China has reiterated calls for the release of Huawei (opens in new tab) CFO Meng Whanzhou, who is under house arrest in Canada.
Meng, the daughter of Huawei co-founder Ren Zhengfei, is facing extradition to the US to answer charges of fraud, and is due to appear in court later today for a decisive and highly anticipated hearing.
Over a year has passed since the executive was arrested at Vancouver airport in December 2018 at the request of the United States.
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It is alleged that Meng advised Huawei on how to avoid sanctions on doing business with Iran, which could have put multinational banking organisations at risk of breaking those sanctions too.
In June, Canadian Foreign Minister Chrystia Freeland expressed the intention to see Meng’s extradition through to its end.
“When it comes to Ms Meng there has to be no political interference,” the Minister said. “It would be a very dangerous precedent indeed for Canada to alter its behaviour when it comes to honouring an extradition treaty in response to external pressure.”
This is not the first time the Chinese government, reportedly made furious by the arrest, has called for Meng’s release. It has also since arrested two Canadian citizens - Michael Kovrig and Michael Spavor - on state security charges, in a move that many commentators consider a direct retaliation.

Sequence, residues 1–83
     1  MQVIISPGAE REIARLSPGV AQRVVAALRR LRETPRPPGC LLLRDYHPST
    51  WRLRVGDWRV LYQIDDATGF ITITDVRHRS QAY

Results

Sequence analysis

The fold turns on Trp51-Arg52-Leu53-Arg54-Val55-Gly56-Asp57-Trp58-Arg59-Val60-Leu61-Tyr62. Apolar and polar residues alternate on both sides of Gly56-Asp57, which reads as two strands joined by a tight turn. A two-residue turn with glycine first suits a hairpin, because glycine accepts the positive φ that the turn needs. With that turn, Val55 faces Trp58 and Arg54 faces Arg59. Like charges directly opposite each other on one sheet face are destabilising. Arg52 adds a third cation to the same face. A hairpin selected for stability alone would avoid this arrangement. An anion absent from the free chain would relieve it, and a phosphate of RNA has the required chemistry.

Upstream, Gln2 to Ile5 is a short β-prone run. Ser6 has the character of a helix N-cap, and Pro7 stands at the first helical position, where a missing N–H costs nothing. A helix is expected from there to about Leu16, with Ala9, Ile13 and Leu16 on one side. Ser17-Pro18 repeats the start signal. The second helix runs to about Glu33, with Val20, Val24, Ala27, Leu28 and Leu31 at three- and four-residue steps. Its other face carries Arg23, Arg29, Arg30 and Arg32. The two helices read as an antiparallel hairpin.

“The resolve of the Chinese government to protect Chinese citizens’ proper legal rights is firm and unwavering,” said China’s foreign ministry spokesman Geng Shuang. He referred to the situation as a “serious political matter,” less than a week after the US and China signed an agreement to ease the ongoing trade war between the two nations.
The trade war between the US and China has rumbled on since July 2018, playing havoc with global markets. The conflict has seen the two largest global economies impose tariffs on hundreds of billions of dollars worth of goods.
The US has also repeatedly called on its allies to shun Huawei, whose 5G infrastructure it believes poses a significant security risk. The Chinese firm has long been excluded from the US market, but consistently denies allegations that the Chinese government would use its infrastructure to surveil foreign powers.
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Via Reuters (opens in new tab)